Much fun with 'Nunsense A-men' at the Boom!
Parody is a double-edged crucifix in this production of the long-running off-Broadway hit, “Nunsense” by Dan Goggin. Originally an all female show (it is about nuns, after all) the authorized all-male production was developed in 1998 and has been produced locally more than once.
Directed by Brett A. Young, who also plays Sister Mary Hubert, the Boom’s production is as classy and professional as one could ask. Parody does not work if it’s sloppy, and there is no danger of that here.
The original show is a takeoff on the lives of nuns; the all-male version takes that one step further. Young and his cast walk a very fine line, all the way to the altar. And they do it with hilarious grace. The show is funny, charming, and moving while tenderly mocking all the stereotypes of convent life.
Five of the surviving sisters of the Little Sisters of Hoboken take to the stage of their high school to tell the story of the trials and tribulations of their order and to perhaps earn enough money to bury the last four of their deceased sisters. Sister Mary Regina, who is also Mother Superior, is played by Jeffrey Meek, and she is a delightfully autocratic and curmudgeonly parent indeed. Meek deftly interweaves the maturity and stability of a beleaguered administrator crossed with the exasperation of a distracted mother. Sister Mary Hubert, the mistress of novices, is ably delivered by Young, who positions Hubert as the strong second that Mother Superior can turn to in times of stress—and all the times are times of stress. Young shows us a nun with compassion, ambition, organizational diplomacy and a truly caustic wit. Sister Robert Ann, who drives the car, is played by Scotty Taylor in amazing and delightful shoes. One just knows that Robert Ann is the gym teacher nun at the Mt. St. Helens School. Taylor’s Robert Ann is a nun with a desire to share the spotlight and shine forth for the glory of the convent. Joel Swanson gives us a gentle and lovely young novice, Sister Mary Leo, who has a secret passion for dance. Swanson capably performs a devout and introverted Leo. Nearly stealing the show is Brian Hamilton as Sister Mary Amnesia, who definitely lives up to her name. Hamilton handles a role that requires sweetness without syrup and a part that demands a wide vocal range and tremendous control, and he delivers on all counts.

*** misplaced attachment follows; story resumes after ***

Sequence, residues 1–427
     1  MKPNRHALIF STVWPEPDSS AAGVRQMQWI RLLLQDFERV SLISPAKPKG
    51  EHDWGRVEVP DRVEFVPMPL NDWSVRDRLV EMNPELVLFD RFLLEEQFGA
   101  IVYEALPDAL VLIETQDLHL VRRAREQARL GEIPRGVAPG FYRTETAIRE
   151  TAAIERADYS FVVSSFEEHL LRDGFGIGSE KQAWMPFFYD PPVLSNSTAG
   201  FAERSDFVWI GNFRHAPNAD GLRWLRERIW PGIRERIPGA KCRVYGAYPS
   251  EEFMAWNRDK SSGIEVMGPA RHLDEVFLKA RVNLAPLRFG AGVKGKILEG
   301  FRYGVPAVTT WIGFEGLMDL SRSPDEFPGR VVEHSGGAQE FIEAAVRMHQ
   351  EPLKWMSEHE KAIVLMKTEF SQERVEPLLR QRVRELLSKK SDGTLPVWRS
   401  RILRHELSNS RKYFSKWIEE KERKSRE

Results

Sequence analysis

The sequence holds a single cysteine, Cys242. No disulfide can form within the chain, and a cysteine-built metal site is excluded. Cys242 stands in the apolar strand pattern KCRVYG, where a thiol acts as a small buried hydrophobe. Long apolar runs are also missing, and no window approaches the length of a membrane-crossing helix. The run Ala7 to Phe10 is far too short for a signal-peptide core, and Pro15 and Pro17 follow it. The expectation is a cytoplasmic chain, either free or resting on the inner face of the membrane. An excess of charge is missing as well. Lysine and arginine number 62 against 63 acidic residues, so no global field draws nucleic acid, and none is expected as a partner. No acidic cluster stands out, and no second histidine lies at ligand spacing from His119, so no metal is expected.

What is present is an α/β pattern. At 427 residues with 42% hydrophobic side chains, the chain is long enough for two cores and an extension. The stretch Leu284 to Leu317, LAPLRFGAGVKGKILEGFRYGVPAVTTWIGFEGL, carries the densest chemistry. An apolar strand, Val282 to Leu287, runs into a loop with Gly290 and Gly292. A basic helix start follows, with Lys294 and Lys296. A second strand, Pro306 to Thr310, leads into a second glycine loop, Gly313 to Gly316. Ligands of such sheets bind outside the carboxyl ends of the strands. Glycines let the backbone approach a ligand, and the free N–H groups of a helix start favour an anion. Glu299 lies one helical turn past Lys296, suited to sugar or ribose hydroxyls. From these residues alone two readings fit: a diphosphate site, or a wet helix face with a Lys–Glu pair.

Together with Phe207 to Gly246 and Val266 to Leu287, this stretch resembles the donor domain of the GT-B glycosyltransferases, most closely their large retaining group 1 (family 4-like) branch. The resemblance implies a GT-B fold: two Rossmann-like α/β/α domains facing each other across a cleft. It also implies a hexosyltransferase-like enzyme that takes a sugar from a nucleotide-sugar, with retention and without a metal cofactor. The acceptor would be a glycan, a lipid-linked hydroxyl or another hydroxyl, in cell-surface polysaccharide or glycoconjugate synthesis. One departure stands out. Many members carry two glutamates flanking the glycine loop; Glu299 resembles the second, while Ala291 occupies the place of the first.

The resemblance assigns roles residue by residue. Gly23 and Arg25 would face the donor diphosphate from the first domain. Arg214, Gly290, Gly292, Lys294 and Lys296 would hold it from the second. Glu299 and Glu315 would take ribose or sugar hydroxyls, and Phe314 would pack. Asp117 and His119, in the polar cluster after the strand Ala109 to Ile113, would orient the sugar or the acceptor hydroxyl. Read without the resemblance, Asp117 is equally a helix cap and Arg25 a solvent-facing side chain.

The show demands a certain level of skill in all three departments—acting, singing, and dancing—as well as some ability to handle the uncertainties of audience participation. (There is, in fact, a quiz—take notes!) All of these fine performers carry the show beautifully.
Young has taken a production designed for a proscenium stage and folded it carefully and effectively into the cabaret environment of the Boom. Costumed with real accuracy by Meek, and with lighting and sound by Jeff Karl, the show is delightful and fun.
The parody works on several levels, in part because Young has thoughtfully and wisely avoided any temptation to “milk” the drag aspects of this version of the “Nunsense” family of plays. It would be fair to say that no actual nuns were harmed in the making of this production.
“Nunsense A-men” is strongly recommended for those able to enjoy laughing at the occasionally pompous aspects of religious institutions. Curtain is at 8:00 on Friday and Saturday evenings through April 18 at The Boom! The club is located at 2218 NW 39th street, Oklahoma City. The production room is a dinner theatre; dinner service starts at 6:30 and the kitchen is excellent. Due to the presence of the bar, the venue is for patrons over 21 only. Tickets available at Ticketstorm.com or by calling 866-966-1777.